Letter to the editor
Reproductive toxicity of boron
Florian Seidel11Leibniz Research Centre for Working Environment and Human Factors, Ardeystr. 67, 44139 Dortmund, Germany
EXCLI J 2020;19:Doc1184
Recently, Bolt and colleagues published a review article on possible effects of boron on human reproduction (Bolt et al., 2020). The metalloid boron is required as an additive of fiberglass, structural material and ceramics. Human exposure typically occurs in mining. Since more than a decade, a discussion is ongoing concerning categorization of inorganic boron compounds as reproductive toxins (Moore, 1997; Hasegawa et al., 2013; ECHA, 2010; SCCS, 2010; ATSDR, 2010). The authors summarized key findings relevant for this discussion (Bolt et al., 2020):
- Boron causes testicular toxicity in rats, mice and dogs.
- The NOAEL in rats was 17.5 mg boron/kg body weight per day; at higher concentrations reduced epididymal sperm counts were observed.
- The NOAEL of developmental toxicity in rats was 9.6 mg boron/kg body weight per day; at higher doses fetal skeletal effects were observed.
- The boron blood concentrations in rats corresponding to the NOAEL of 9.6 mg/kg/day was in the range of 1,200 ng boron/g.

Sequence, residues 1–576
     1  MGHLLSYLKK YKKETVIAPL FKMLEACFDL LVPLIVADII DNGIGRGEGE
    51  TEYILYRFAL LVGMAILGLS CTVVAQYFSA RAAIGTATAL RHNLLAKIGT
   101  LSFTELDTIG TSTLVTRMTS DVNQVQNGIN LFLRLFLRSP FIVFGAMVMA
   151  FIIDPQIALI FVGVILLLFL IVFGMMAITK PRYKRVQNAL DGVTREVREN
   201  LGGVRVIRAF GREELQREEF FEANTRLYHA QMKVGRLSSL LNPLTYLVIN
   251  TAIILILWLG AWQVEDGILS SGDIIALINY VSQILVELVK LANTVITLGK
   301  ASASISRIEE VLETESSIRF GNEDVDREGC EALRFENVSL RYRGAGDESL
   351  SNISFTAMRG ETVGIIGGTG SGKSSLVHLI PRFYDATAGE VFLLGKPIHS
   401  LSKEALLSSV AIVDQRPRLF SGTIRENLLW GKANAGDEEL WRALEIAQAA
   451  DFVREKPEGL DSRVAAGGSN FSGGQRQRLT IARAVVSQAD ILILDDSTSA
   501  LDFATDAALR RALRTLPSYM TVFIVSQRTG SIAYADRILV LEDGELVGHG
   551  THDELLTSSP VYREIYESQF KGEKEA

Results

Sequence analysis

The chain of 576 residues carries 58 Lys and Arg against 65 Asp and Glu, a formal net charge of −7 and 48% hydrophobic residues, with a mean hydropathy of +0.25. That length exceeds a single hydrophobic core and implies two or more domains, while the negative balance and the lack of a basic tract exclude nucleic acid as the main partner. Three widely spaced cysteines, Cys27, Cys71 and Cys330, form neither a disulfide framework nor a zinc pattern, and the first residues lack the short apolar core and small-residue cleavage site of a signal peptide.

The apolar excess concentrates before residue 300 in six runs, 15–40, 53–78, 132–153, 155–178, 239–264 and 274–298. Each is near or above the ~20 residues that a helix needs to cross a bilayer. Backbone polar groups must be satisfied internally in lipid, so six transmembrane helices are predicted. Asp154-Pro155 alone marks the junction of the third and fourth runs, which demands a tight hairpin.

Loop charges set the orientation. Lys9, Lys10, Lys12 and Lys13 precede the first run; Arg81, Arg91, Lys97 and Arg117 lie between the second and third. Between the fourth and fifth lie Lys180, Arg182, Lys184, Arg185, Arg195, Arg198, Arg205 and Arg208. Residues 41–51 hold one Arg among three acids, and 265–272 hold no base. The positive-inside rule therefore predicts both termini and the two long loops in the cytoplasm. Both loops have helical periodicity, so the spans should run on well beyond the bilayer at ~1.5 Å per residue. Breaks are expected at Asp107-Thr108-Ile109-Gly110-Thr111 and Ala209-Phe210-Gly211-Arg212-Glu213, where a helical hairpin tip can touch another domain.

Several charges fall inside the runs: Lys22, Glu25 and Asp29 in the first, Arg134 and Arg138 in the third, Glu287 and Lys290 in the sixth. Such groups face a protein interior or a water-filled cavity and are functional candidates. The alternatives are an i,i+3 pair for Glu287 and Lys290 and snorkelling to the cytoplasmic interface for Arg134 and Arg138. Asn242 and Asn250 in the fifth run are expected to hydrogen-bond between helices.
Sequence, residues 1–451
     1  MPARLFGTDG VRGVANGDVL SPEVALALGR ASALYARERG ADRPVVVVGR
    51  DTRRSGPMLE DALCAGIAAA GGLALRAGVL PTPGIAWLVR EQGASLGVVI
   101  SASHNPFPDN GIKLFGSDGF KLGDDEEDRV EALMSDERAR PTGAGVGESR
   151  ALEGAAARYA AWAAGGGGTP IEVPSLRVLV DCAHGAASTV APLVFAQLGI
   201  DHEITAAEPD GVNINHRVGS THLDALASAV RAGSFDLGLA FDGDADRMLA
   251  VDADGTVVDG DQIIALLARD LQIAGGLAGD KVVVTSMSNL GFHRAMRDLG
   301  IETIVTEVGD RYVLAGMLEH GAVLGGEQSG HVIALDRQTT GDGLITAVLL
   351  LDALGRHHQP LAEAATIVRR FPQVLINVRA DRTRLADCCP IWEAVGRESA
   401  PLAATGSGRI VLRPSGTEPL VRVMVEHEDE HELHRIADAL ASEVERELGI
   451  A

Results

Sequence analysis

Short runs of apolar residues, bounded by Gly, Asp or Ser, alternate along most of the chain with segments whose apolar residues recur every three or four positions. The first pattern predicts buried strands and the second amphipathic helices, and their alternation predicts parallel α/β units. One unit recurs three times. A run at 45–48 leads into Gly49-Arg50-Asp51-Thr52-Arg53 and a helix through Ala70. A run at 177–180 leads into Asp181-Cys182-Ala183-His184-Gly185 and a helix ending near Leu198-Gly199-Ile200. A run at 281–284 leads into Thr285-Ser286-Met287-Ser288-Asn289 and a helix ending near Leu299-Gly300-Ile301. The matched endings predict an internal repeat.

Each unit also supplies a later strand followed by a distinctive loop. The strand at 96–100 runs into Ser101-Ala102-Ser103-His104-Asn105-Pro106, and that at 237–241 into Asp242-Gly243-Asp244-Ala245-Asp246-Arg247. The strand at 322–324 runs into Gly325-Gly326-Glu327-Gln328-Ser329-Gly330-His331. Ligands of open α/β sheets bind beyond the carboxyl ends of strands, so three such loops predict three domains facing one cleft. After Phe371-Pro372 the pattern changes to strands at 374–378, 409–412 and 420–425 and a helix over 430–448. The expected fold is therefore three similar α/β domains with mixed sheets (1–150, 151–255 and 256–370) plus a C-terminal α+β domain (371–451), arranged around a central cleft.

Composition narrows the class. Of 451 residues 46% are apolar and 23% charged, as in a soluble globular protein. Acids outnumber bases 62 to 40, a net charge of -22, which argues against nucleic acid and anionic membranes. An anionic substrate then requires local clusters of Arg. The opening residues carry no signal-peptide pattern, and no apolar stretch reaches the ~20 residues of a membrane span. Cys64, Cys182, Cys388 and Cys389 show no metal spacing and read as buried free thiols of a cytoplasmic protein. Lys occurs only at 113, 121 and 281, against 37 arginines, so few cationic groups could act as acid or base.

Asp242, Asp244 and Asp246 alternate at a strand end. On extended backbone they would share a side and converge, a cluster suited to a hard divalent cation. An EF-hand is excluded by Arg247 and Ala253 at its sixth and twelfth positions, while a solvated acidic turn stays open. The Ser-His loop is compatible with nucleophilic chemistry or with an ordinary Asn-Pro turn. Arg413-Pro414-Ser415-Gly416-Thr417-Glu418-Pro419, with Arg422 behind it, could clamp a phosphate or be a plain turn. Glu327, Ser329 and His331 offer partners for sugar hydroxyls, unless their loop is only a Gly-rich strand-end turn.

- Even for extreme occupational exposure groups in China and Turkey boron blood concentrations were clearly below 1,200 ng/g.
Evaluation of reproductive and developmental toxicity remains a major challenge (Sachinidis et al., 2019; Leist et al., 2017; Shinde et al., 2015, 2016, 2017). Currently, several research projects aim at the development of in vitro tests of developmental toxicity (Waldmann et al., 2017; Rempel et al., 2015; Balmer et al., 2014). For this purpose, human stem cells have been exposed to test compounds to study if their differentiation is compromised (Weng et al., 2014; Waldmann et al., 2014; Krug et al., 2013). However, although mechanisms can be evaluated in these in vitro systems, it still remains challenging to extrapolate to the in vivo situation and derive e.g. NOAELs. Therefore, the evaluation of possible human developmental effects of boron still depends on animal experiments and as far as available on epidemiological studies. The systematic review of Bolt and colleagues suggests that occupational exposure of humans to boron results in boron blood concentrations that are clearly below levels that cause adverse effects in animal experiments.
Conflict of interest
The author declares no conflict of interest.
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